Picking, peeling, poaching pears

September 13, 2000|By Annette Gooch | Annette Gooch,UNIVERSAL PRESS SYNDICATE

Pears are one of the few fruits that are best if they're not tree-ripened. Allowed to ripen naturally on the tree, the flesh of many pear varieties softens too rapidly and develops gritty granules. The granules are harmless but spoil the buttery texture of an otherwise superb pear.

For this reason, pears typically are harvested before the granules develop, when the fruit has matured to full size but is still hard. Picked at this stage, pears also are easier to transport and pack; cold storage preserves their quality for months.

Pears for eating fresh (Bartlett, French Butter and all-purpose varieties such as Anjou or Comice) should be fragrant, free of blemishes, and just beginning to color and soften. Once home, hold the pears at warm room temperature until they give slightly to gentle pressure, then refrigerate them and use within a few days. Bosc and Winter Nellis, both excellent for poaching or baking, or all-purpose varieties intended for cooking, should be used before they soften.

Success tips

Many varieties of pears don't require peeling; if the skin is coarse or bitter, use a vegetable peeler or sharp paring knife to remove the peel.

Once peeled or cut, pears oxidize rapidly; to retard oxidation, rub or sprinkle the surfaces with lemon juice or drop the pears in lemon juice diluted with water.

To core pears, press a melon baller into bottom of unpeeled pear, removing blossom end; insert melon baller into cavity at blossom end and scoop out remaining core with fibers and seeds.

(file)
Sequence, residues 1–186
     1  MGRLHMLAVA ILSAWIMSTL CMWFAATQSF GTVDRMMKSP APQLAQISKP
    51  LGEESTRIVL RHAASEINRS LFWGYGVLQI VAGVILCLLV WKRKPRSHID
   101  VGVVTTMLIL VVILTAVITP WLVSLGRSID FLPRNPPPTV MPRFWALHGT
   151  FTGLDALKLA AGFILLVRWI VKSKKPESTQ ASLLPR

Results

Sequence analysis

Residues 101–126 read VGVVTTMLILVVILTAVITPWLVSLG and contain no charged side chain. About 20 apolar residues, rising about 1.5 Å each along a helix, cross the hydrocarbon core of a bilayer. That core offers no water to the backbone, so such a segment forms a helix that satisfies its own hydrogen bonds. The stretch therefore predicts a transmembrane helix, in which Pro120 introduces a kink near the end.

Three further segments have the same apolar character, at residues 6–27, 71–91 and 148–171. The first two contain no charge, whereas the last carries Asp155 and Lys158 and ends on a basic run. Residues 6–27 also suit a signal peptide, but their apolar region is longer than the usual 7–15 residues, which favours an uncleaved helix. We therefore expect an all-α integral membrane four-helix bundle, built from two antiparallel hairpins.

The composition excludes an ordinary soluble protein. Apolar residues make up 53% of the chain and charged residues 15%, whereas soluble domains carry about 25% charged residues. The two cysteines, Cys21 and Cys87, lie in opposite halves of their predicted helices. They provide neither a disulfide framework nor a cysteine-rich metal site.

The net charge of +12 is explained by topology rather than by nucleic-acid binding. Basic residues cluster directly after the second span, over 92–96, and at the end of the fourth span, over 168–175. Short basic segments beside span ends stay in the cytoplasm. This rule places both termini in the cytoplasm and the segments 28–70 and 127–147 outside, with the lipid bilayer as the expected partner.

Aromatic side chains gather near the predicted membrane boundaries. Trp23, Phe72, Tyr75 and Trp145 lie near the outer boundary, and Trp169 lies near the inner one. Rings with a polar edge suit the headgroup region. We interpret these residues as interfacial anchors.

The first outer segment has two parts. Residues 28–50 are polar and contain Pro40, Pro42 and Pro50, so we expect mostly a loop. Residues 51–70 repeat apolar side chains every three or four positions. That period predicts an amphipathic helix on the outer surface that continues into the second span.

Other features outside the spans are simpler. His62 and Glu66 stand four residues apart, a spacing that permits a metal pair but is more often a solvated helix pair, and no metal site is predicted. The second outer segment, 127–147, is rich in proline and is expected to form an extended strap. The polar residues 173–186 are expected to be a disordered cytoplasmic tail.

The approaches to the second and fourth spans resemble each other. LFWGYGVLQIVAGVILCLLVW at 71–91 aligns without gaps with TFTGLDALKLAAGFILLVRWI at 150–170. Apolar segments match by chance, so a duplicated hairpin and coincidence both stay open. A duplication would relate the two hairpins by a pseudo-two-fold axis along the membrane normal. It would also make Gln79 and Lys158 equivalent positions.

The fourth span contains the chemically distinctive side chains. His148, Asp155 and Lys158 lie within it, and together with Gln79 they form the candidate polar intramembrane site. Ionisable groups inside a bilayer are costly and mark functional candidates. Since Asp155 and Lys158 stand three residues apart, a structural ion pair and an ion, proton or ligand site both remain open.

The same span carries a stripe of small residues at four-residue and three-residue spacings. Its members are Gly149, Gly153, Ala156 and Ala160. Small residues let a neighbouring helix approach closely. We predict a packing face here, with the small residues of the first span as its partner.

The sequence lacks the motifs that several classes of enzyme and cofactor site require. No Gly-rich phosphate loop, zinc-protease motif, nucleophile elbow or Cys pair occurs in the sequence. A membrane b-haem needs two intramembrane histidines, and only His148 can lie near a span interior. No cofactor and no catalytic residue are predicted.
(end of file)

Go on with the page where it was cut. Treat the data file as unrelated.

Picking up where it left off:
Pear-Walnut Poundcake

Serves 8 to 10

4 ripe pears

2 teaspoons lemon juice

2 tablespoons flour

4 egg yolks

1 cup granulated sugar

18 tablespoons unsalted butter, softened

2 1/4 cups cake flour

1 tablespoon baking powder

1 teaspoon finely grated orange rind

1 tablespoon dark rum

4 egg whites

1/4 cup granulated sugar

2/3 cup coarsely chopped walnuts

1 heaping tablespoon unsweetened cocoa powder confectioners' sugar, for decoration

Peel, core and quarter pears; toss them in lemon juice, then in the 2 tablespoons flour; set aside.

Beat egg yolks and the 1 cup granulated sugar in a large bowl until light; beat in butter. Sift the 2 1/4 cups flour and baking powder together; stir into yolk mixture. Stir in orange rind and rum. Beat the 4 egg whites until they hold soft peaks; beat in the 1/4 cup granulated sugar, 1 tablespoon at a time, and continue beating until stiff but still glossy (do not overbeat). Stir 1/4 of the whites into the yolk mixture to lighten batter. Gently fold in the remaining whites.

Preheat oven to 350 degrees. Into a lightly buttered 9-inch springform pan, spread half of the batter. Arrange quartered pears in a single layer over batter. Sprinkle walnuts over pears; sift cocoa powder evenly over nuts. Spread remaining batter on top. Bake until cake tester comes out clean or cake springs back when lightly touched in center (about 40 to 50 minutes). Cool on a wire rack. Remove band from springform pan; dust cake with confectioners' sugar. Serve at room temperature.

Wine-Basted Pears

Serves 6

6 large, firm pears, slightly underripe

2 tablespoons lemon juice

2 cups hearty red wine (zinfandel, Burgundy or cabernet sauvignon)

1 teaspoon honey

2 teaspoons cinnamon

1 cup orange juice

fresh mint leaves and 6 long, thin strips of orange zest

Preheat oven to 350 degrees. Peel and core pears but leave them whole.

Mix remaining ingredients for poaching liquid. Place pears in a deep baking dish and pour liquid over them. Bake until pears are softened (about 45 minutes). Serve hot or chilled, with some of the poaching liquid spooned over the pears. Garnish with fresh mint leaves and orange zest.

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